New snow

One evening not long ago, I took the garbage and recycling out to the curb. A gentle snow was falling, drifting down through the orange glow of the street lights.

I stood in the serene silence, contemplating the scene. The marks of vehicles and feet, grit and grime, were all disappearing beneath a pristine orange-white blanket. My subconscious gently whispered a single word to me:


It was a forgiving snowfall.

It was a peaceful sensation, standing at the curb, watching the forgiving snow fall, feeling the cool night air against my cheeks. It suffused me with an unlooked-for sense of relief, of release from the stresses and worries of the day. I began to reflect on the appeal of forgiveness (a concept that seems to be a central, motivating element in more than one religious system).

I saw how someone in my position, feeling what I felt right then, might infer a divine forgiver behind the emotion (rather than dismissing it as simply coming from their own mind*). After all, forgiveness is normally granted by someone else.

And of course, if one is forgiven, it is generally in response to a transgression of some sort. You are forgiven for something. A sin.

And the forgiver must have had some alternative (or else what’s the point?). If forgiveness were not granted, then what? Punishment. Retribution. Some sort of supernatural gulag. Hell.

I noticed that, in a short series of very natural steps, I had been led from a remarkable experience to imagining the invention of a religion – a religion with a very familiar structure. I felt, as I don’t think I have felt so strongly ever before, how appealing are those belief systems that hold up forgiveness as a central reward of participation. I could see why someone might want to believe. Why I might want to believe.

I don’t know. I don’t know whether my chain of imagination in any way reflects the birth sequence of any actual human religion. I don’t know if any individual person has ever come to religious belief through such an experience.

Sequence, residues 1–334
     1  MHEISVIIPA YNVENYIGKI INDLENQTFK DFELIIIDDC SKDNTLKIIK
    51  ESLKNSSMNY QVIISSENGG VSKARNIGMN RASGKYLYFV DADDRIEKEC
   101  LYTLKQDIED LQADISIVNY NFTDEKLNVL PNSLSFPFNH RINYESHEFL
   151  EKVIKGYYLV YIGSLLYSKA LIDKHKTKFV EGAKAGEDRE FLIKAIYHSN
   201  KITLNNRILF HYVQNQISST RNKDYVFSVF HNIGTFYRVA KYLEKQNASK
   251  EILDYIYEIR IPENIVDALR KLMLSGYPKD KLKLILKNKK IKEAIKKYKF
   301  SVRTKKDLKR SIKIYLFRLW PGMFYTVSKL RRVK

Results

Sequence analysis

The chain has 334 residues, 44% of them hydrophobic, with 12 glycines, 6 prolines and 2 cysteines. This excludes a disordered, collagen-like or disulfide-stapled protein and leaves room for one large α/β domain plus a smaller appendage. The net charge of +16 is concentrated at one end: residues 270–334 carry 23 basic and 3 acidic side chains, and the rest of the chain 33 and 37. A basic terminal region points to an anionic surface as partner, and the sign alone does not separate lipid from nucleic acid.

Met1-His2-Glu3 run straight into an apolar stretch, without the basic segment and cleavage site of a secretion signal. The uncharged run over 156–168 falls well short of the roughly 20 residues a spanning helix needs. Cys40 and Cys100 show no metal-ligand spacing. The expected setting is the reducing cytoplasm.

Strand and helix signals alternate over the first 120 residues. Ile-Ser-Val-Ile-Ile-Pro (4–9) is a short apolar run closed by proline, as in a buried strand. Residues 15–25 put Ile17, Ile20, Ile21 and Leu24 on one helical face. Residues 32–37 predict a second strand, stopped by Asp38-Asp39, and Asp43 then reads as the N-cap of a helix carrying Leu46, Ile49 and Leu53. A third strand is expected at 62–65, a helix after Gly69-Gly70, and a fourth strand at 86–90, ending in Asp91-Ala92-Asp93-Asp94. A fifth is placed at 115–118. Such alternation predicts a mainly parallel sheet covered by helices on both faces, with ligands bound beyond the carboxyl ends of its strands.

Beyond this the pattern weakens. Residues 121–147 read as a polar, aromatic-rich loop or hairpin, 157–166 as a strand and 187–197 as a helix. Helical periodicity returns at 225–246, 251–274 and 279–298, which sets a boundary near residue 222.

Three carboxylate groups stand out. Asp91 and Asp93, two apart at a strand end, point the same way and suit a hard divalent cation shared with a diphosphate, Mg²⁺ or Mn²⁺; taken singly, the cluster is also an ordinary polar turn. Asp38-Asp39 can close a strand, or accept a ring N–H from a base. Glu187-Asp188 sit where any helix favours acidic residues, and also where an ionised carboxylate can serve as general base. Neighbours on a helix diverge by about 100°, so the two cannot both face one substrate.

Though it was powerful and moving, the sensation and the thoughts it inspired did not make a believer out of me. It was wonderful, memorable. It begins to give me a little more insight into how my mind works, how I process things emotionally.

But it does not look to me like evidence of a supernatural realm, of a divine forgiver.

I think – I hope – that the experience has given me a new sympathy for believers, a new ability to see why they find their beliefs so attractive. We shall see.


* It is both curious and telling that, in response to atheists’ skepticism, believers often challenge them by asking if they think these experiences are simply in their heads. As if anyone with even a passing familiarity with neural physiology or human psychology could ever describe the physical mind as “simple”. Your brain is incredibly powerful, and is doing so much more work processing the input of your senses and curating your memories than you are ever conscious of.


One Response to “New snow”

  1. tts Says:


    […]New snow « Friendly Humanist[…]…

Leave a Reply

Please log in using one of these methods to post your comment: Logo

You are commenting using your account. Log Out /  Change )

Facebook photo

You are commenting using your Facebook account. Log Out /  Change )

Connecting to %s

%d bloggers like this: